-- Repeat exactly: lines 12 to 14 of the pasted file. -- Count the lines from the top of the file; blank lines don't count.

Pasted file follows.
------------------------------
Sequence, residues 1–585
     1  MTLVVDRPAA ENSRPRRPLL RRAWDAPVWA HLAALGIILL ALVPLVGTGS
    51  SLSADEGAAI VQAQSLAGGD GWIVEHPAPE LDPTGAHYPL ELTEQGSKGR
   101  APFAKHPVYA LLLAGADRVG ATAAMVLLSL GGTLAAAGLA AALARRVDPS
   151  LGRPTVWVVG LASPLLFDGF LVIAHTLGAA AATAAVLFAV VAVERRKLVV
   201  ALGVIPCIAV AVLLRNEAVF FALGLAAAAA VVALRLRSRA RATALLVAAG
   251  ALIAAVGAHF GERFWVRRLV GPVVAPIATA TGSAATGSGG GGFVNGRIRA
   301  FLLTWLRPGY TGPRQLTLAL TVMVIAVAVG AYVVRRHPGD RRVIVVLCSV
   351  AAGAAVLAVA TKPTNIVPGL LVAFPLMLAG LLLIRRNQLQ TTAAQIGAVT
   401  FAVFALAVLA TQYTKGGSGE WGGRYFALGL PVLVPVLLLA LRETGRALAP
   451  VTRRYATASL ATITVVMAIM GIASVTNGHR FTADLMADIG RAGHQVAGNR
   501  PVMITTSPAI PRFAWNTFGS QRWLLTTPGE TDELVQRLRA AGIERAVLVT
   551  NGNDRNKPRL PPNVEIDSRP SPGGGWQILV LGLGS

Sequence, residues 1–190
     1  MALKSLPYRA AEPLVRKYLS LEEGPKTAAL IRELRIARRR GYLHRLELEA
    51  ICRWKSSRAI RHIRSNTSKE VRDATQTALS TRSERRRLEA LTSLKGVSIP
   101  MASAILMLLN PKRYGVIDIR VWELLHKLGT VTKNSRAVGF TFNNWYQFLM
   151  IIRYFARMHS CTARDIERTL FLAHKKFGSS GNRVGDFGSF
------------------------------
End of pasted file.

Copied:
   501  PVMITTSPAI PRFAWNTFGS QRWLLTTPGE TDELVQRLRA AGIERAVLVT
   551  NGNDRNKPRL PPNVEIDSRP SPGGGWQILV LGLGS

Sequence, residues 1–190